Trump calls off secret meeting with Taliban, Afghan leaders after Kabul bombing
The sudden demise of the talks may doom direct US negotiations with the Taliban that held out the prospect of ending 18 years of combat in Afghanistan, making it America’s longest-running war.
US President Donald Trump said on Saturday he had cancelled a secret meeting with the Taliban leaders and the Afghanistan president at a presidential retreat outside the American capital city and called off peace negotiations because of continued bombings by the insurgent group.
He wrote in a series of tweets Saturday that “unbeknownst to almost everyone, the major Taliban leaders and, separately, the President of Afghanistan, were going to secretly meet with me at Camp David on Sunday” but he cancelled the meeting because the Taliban sought to build “false leverage” through violence.
Trump referred specifically to a suicide bombing in Kabul on Monday which killed a US soldier and 11 others. “I immediately cancelled the meeting and called off peace negotiations,” he wrote further. “What kind of people would kill so many in order to seemingly strengthen their bargaining position?”
It was not immediately clear if the peace negotiations that were said to have been in the final stages now stand cancelled because the American president has been known to reverse himself.
Special Representative Zalmay Khalilzad, who was leading the US negotiation, had said recently that an agreement had been reached “in principle”, and there were expectations, according to US and Afghan officials. of a deal being as earlier the coming week, something that President Trump indicated also.
But the prospect of hosting the Taliban at a presidential retreat just two days before the anniversary of the 9/11 attacks that had been planned and carried out by al Qaeda from Afghanistan during their rule drew immediate troubled many Americans. “Never should leaders of a terrorist organization that hasn’t renounced 9/11 and continues in evil be allowed in our great country,” wrote Republican lawmaker Adam Kinzinger wrote on twitter. “NEVER. Full stop.”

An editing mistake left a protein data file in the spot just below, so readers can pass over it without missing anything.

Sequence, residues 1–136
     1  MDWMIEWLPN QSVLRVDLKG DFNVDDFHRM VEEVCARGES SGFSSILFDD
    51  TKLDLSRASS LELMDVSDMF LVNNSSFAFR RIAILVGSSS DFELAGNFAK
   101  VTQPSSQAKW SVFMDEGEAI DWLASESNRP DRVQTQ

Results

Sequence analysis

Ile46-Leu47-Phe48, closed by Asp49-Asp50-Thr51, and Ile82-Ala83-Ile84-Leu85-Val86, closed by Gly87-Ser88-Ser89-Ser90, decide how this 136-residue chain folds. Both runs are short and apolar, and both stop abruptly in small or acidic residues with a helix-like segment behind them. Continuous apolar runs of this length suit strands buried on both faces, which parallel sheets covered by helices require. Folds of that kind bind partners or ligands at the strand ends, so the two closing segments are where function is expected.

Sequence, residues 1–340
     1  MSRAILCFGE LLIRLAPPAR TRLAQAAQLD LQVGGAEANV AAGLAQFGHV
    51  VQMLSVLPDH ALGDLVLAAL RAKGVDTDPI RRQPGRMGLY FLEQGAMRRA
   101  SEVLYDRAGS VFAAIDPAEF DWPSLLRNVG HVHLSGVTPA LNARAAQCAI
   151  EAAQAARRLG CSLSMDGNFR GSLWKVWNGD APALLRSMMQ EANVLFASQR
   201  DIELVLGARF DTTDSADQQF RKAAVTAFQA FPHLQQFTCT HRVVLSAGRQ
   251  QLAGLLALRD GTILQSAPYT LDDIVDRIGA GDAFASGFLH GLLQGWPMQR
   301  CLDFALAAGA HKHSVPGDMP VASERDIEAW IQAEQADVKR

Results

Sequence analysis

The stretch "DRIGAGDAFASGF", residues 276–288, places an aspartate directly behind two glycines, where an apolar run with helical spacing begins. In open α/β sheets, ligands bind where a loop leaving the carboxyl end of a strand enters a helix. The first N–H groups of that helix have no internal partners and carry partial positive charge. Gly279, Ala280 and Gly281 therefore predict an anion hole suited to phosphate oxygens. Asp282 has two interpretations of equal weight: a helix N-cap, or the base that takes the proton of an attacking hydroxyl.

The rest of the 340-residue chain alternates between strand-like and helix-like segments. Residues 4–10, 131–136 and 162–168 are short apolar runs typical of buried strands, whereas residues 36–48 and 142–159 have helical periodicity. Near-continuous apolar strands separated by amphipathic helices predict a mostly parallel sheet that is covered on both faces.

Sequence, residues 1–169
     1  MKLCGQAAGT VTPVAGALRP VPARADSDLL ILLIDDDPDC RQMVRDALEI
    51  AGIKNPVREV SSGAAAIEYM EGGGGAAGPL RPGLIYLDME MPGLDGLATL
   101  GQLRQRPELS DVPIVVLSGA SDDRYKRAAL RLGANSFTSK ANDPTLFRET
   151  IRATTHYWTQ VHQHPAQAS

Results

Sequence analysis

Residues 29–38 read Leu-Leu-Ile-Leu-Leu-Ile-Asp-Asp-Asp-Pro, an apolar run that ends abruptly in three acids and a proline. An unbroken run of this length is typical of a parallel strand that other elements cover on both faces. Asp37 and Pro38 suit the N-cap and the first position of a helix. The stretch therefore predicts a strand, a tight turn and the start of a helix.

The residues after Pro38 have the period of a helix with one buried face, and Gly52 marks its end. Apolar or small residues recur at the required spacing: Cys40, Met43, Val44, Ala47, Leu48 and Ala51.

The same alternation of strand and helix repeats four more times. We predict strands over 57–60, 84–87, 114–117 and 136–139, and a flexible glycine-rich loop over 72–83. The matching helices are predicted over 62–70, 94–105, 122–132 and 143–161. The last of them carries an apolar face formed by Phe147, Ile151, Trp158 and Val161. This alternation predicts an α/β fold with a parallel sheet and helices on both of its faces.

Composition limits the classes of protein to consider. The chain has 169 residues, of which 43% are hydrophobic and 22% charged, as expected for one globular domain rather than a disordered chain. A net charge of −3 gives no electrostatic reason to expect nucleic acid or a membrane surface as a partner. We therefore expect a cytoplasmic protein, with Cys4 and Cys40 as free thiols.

US President Trump probably saw an opportunity to make history there, like the Camp David Accords of 1978, hosted by President Jimmy Carter, that led to the signing of a peace treaty by Israel’s Menachem Begin and Egypt’s Anwar Sadat in 1979, who also went on to win the Nobel. But another Camp David summit in 2000 involving Israel and Palestine this time and hosted by President Bill Clinton ended so badly, the blame game continues to this day.
According to the deal reached in principle between the United States and the Taliban after nine rounds of talks in Doha, Qatar, the Americas would have to cut its troops in Afghanistan by 5,600 (from the current strength of 14,000) over 135 days after the signing of the agreement and shut down five of its bases there. The Taliban would given an undertaking in return to cut ties with terrorists and never allow Afghanistan to shelter terrorists and commit to inter-Afghan talks, to take place in Oslo, Norway.
Critics of that deal, and there are plenty in both the US and in Afghanistan, have contended that far too many concessions were being given to the Taliban. It gets to keep the word “Emirate” in the official name of Afghanistan, as it was called during their rule; the commitment to disavowing links to terrorism was tenuous and without any enforcing mechanism; it does not commit itself to accepting democracy or honor the upcoming election; and the Afghanistan government has been kept out of it.
Could Trump’s Camp David play have worked? “It would’ve been a Trumpian move to the core: It would have legitimized bad guys, offered photo ops galore & generated tons of press attention,” wrote Wilson Center’s South Asia expert Michael Kugelman on twitter. “And very tacky. And…little would’ve come of it”.